(4) A total of 10 patients to assess this set of games. The results showed that 90 % of patients reported that using UERG game in treatment increased their treatment motivation.; 70 % of them reported that this games is very interactive; 80 % patients considered this game is conducive to recovery their upper extremity functions; 80 % patients considered the feedback information provided help them to understand their performance in each session after training; 60 % patients indicated the game interfaces were easy to operate and learning; 90 % of patients reported that this game is enjoyment and satisfied with this game for rehabilitation.
They are willing to continue to use.
[ARTICLE] Low frequency repetitive transcranial magnetic stimulation to the non-lesioned hemisphere improves paretic arm reach-to-grasp performance after chronic stroke.
Purpose: To investigate the effect of inhibitory low frequency repetitive Transcranial Magnetic Stimulation (rTMS) applied to the non-lesioned hemisphere on kinematics and coordination of paretic arm reach-to-grasp (RTG) actions in individuals with stroke.
Relevance: This study is designed as a phase I trial to determine the feasibility and efficacy of low frequency rTMS applied to the non-lesioned hemisphere for the recovery of reach-to-grasp actions in individuals with hemiparesis secondary to stroke. The results have important implications for the use of rTMS in parallel with complex paretic arm skill practice.
Participants: Nine adults, anterior circulation unilateral stroke. Their average age was 59 years, the average time since stroke was 4.8 years.
Method and analysis: Two TMS treatments were performed on two separate days: active rTMS and sham rTMS. Cortico-motor excitability (CE) of the non-lesioned hemisphere as well as RTG kinematics of the paretic hand as participants reached for a dowel of 1.2 cm in diameter was assessed before and after the rTMS treatments. In the active condition, rTMS was applied over the “hot spot” of the extensor digitorum communis muscle (EDC) in primary motor cortex (M1) of the non-lesioned hemisphere at 90% resting motor threshold. TMS pulses were delivered at 1 Hz for 20 min. In the sham condition, a sham coil was positioned similar to the active condition; TMS clicking noise was produced but no TMS pulse was delivered.
Dependent measures: CE was measured as peak-to-peak amplitude of the motor evoked potential at 120% of resting motor threshold. RTG kinematics included movement time, peak transport velocity, peak aperture, time of peak transport velocity and time of peak aperture. RTG coordination was captured by cross correlation coefficient between transport velocity and grasp aperture size.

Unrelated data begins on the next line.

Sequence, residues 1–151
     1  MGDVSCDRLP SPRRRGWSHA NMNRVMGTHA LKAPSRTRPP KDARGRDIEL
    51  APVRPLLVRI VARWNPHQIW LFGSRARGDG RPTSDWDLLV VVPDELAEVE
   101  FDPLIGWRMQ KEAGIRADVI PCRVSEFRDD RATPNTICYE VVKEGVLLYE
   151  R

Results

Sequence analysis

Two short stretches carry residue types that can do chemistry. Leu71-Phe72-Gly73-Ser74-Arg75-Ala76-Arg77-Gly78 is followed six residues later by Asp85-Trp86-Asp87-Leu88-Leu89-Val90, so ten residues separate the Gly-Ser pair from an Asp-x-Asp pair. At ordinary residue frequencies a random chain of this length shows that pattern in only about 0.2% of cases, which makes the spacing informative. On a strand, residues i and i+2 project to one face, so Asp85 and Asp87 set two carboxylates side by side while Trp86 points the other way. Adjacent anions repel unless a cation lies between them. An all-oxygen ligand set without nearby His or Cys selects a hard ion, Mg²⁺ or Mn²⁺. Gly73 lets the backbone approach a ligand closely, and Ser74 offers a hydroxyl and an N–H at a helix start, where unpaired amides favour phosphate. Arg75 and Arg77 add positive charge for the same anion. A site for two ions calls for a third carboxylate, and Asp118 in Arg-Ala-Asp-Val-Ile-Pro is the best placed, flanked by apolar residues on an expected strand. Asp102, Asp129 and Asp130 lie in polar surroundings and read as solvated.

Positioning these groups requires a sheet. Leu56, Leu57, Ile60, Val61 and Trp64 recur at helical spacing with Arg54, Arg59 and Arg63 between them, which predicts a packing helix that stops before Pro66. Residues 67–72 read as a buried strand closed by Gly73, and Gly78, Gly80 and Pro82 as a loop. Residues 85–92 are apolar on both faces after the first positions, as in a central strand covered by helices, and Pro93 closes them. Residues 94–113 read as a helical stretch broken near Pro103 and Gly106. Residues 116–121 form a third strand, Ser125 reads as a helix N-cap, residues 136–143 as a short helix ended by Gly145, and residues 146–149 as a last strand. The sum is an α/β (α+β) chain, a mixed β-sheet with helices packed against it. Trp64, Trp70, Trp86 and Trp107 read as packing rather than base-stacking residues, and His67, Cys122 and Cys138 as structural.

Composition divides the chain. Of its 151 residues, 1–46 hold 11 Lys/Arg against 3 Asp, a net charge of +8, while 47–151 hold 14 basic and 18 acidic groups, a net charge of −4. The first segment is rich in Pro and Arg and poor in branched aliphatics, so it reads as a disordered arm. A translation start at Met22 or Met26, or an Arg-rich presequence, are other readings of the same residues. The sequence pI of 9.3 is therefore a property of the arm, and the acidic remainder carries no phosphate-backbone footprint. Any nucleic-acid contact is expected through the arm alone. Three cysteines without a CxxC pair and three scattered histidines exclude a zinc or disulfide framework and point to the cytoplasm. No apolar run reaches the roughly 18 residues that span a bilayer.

Results: While 1 Hz rTMS applied over non-lesioned M1 significantly decreased the MEP amplitude of non-paretic EDC, sham TMS did not have a significant effect on MEP amplitude. Active rTMS significantly decreased total movement time and increased peak grasp aperture. There were no changes in peak transport velocity or the time of peak transport velocity or the time of peak aperture after application of active rTMS. Additionally, the participants completed RTG actions with a more coordinated pattern after undergoing active rTMS. Following sham TMS, there were no changes in CE, RTG kinematics or coordination. While there were no significant correlation between changes in cortico-motor excitability and RTG kinematics, the decrease in cortico-motor excitability of the non-lesioned hemisphere showed a strong correlation with an increase in cross-correlation coefficient.
Conclusions and implications: The findings demonstrate the feasibility and efficacy of low frequency rTMS applied to the non-lesioned hemisphere for the recovery of reach-to-grasp actions in individuals with hemiparesis secondary to stroke. The inhibitory effect of low frequency rTMS resulted in improved paretic hand reach-to-grasp performance with faster movement time and more coordinated reach-to-grasp pattern. These results have important implications for the use of rTMS for stroke rehabilitation.
Implications for Rehabilitation
- Low frequency repetitive transcranial magnetic stimulation (LF-rTMS) to the non-lesioned hemisphere improves paretic arm reach-to-grasp performance.
- The preliminary results have important implications for the use of LF-rTMS as conjunctive intervention for stroke rehabilitation.
via Low frequency repetitive transcranial magnetic stimulation to the non-lesioned hemisphere improves paretic arm reach-to-grasp performance after chronic stroke, Disability and Rehabilitation: Assistive Technology, Informa Healthcare.